For years I have enjoyed lighting a candle when I work or pray. I have tried to make elegant intellectual/theological castles about Jesus being the light and all that, but when I do so I am aware that in my case (because I know for sure others find more meaning in that image than I) I am simply trying to justify something I like.
We all do this in various parts of life. We like something “just because” but that doesn’t seem good enough to us. We want to like something for good reason, maybe we want to be rational, or maybe we want to feel like we have taste or wisdom. Sometimes we are doing this to justify something we know we shouldn’t be doing, looking at porn or eating too much fast food. What I find so interesting is that I find myself doing it even for something as benign as lighting a candle when I pray. I mean, it is not like I fear I might be worshipping the candle, the flame, or the light, I am clear on who I am praying to. Still, there is the urge to explain it.
Perhaps it is because we live in a culture with a lot of guilt or shame and we feel the urge to be justified in our ways, even the benign ones. Maybe as christians we can learn to access the freedom of Jesus who offers forgiveness and justification to us all and demonstrate through our lives and actions and approaches to our actions the freedom and acceptance we find in him. Not that I need forgiveness for lighting a candle, I am trying to reflect on the root that makes me even feel the ned to justify the candle in the first place. Deep down inside I need the gospel to get more rooted, I am free, and forgiven, and can walk in confidence and boldness thanks to those truths, in the eyes of the One who counts, all is well.
For instance, beyond trying to explain my predilection for the gentle light of a candle with theological robustness, I have thought that maybe I like the candles because I grew up in the Roman Catholic church and there were a lot of candles there. It may be that some kernel of truth is present in that but I wouldn’t say that praying feels terribly childlike, nor does it bring up childhood for me. Maybe there is a sort of romance to praying by candlelight that I have picked up subtly through movies or something.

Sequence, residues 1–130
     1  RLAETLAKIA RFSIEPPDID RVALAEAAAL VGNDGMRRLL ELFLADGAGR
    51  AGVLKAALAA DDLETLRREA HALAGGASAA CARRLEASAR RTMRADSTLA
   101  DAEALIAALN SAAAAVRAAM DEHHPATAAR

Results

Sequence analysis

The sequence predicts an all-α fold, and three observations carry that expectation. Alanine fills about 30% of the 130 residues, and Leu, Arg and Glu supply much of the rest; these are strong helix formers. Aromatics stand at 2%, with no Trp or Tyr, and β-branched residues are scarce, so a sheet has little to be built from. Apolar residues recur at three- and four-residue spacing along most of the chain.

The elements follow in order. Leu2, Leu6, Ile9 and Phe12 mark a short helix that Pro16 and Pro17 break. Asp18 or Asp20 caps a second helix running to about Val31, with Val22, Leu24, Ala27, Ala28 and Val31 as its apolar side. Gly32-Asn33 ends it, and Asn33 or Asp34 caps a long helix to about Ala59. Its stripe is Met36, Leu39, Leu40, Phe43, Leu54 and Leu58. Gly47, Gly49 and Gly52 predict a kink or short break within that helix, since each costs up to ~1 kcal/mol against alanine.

Here is what I have come to about this. It may or may not be the final answer: this whole candle business is an invitation to learn self-acceptance. Who cares if I like a candle? Where is the harm? Maybe it is just who I am and that is alright. We are all unique and our spiritual paths will exhibit that. We all have our own journey to travel and how we go about it is really up to us. Jesus can and will guide any of who ask him to be involved.
I have heard struggles about this sort acceptance, subtle sand simple though it is. For some they get nothing out of sermons and can’t imagine why so many people care so much about what the minister says as she speaks. For others the music falls on deaf ears and they cannot imagine why music wars and arguments about the sorts of instruments and music that belong in church become so divisive. I have heard people talk like there is something wrong with the because their antenna isn’t tuned exactly like other folks’ are. Maybe it is all an invitation to look more deeply into ourselves, learn to recognize that which brings us closer to God, accept that truth, and then walk that path. If we find others who are similar great, but let’s not beat ourselves up that our particular spirituality doesn’t look quite like the folks around us.
So go ahead, light a candle, listen to Gregorian chants, interpretive dance, use beads, crosses, pictures, paintings, whatever floats your spiritual boat, just be sure to welcome Jesus into the moment and he can redeem it.